TrigML code, owned by QUALCOMM Incorporated, is a data language based on XML and may be used for user interface presentation language for authoring Trigs 430 and includes advantages of mobile-targeted functionality, an interactive user interface event model, and pixel positioning among other advantages.

Actors 425 include underlying C code to connect Trigs to underlying Device APIs 405 and/or BREW APIs 410. Actors 425 may also serve as executables for input/output. And because actors connect to the underlying Device and BREW APIs, they have access to the computer platform functions.

The Trigplayer 420 may be implemented as a BREW extension 415 even though it is separated out in FIG. 4. The Trigplayer is used to render the user interface using the Trigs and actors.

It will be recognized that although the discussion of FIG. 4 is in terms of the QUALCOMM Incorporated's uiOne architecture (including compiled TrigML, Trigplayer, BREW APIs, etc) that this is for descriptive purposes and that the present invention include other data languages, computer and software platforms and device architectures.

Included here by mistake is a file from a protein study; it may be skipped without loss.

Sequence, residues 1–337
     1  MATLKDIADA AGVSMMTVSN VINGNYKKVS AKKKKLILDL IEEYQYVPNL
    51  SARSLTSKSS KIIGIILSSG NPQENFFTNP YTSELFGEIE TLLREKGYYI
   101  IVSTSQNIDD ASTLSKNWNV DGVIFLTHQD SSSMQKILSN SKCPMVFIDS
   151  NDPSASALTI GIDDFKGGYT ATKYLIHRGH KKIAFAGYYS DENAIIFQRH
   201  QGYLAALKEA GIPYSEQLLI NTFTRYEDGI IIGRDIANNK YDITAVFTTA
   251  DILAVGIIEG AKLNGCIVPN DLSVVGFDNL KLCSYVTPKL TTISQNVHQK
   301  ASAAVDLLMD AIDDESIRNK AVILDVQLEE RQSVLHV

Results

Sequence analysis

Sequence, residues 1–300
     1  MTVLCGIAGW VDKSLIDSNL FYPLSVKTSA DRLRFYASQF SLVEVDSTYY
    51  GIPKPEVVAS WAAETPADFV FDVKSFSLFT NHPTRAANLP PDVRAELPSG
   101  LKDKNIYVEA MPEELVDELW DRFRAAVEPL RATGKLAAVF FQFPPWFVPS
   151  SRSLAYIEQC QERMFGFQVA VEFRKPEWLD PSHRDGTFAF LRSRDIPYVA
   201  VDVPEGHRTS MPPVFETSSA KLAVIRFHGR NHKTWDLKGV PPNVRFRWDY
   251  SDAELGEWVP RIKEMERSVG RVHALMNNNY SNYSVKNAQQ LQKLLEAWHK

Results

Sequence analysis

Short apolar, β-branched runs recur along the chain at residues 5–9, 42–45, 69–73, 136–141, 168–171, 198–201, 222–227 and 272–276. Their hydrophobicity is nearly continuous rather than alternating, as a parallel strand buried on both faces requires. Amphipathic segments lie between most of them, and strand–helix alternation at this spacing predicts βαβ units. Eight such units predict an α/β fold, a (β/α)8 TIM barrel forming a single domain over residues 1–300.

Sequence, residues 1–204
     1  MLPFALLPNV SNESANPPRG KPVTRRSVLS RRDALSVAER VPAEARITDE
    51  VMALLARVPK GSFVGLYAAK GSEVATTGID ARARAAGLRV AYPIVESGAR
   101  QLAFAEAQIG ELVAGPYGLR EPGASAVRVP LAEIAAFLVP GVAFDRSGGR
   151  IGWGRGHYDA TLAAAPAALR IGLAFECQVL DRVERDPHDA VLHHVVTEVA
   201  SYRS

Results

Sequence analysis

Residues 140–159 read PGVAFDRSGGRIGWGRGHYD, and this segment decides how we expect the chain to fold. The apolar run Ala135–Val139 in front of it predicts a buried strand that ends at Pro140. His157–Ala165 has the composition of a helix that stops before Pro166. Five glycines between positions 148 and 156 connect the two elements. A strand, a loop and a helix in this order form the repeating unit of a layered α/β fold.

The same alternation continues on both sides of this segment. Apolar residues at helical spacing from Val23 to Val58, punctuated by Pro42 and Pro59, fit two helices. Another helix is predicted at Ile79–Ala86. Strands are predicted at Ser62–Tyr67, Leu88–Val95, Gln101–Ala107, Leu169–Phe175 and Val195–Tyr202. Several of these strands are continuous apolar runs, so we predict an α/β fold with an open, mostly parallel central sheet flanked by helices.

FIG. 5 is a block diagram illustrating the system of updating user interface components and an architecture depicting a trigplayer 420, actors 425 and trigs 430 in an embodiment of the present invention in an embodiment of the present invention. The device 500 includes a trigplayer 420, actors 425, and Trigs 430. The Trigs may include TrigML code 505, text strings 510, images 515 and update channels 520 (update channels may define URLs and timing schemes to fetch Triglets 530). Trigs may be updated over the air thereby allowing the user interface to be updated after the device has already left the manufacturer. A server 525 may be used to download new Trigs and or updated components of Trigs (e.g., Triglets 530) thus allowing the user interface for the device to be customized.

FIG. 6 is a block diagram illustrating the association TrigML code, objects and actors in an embodiment of the present invention. TrigML code may be written using a series of tags (605-625). These tags may define actions to perform and define specific parameters related to the purpose of the program code. In one embodiment, this TrigML code is compiled prior to parsing and executing on a wireless device.